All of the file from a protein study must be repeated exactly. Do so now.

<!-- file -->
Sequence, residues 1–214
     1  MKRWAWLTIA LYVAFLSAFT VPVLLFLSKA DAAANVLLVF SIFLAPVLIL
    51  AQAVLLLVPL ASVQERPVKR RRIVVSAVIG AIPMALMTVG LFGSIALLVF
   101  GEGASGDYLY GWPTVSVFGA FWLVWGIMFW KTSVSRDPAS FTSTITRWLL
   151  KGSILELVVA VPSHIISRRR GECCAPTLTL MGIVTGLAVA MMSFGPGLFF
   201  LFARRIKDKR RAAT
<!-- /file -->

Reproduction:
Sequence, residues 1–214
     1  MKRWAWLTIA LYVAFLSAFT VPVLLFLSKA DAAANVLLVF SIFLAPVLIL
    51  AQAVLLLVPL ASVQERPVKR RRIVVSAVIG AIPMALMTVG LFGSIALLVF
   101  GEGASGDYLY GWPTVSVFGA FWLVWGIMFW KTSVSRDPAS FTSTITRWLL
   151  KGSILELVVA VPSHIISRRR GECCAPTLTL MGIVTGLAVA MMSFGPGLFF
   201  LFARRIKDKR RAAT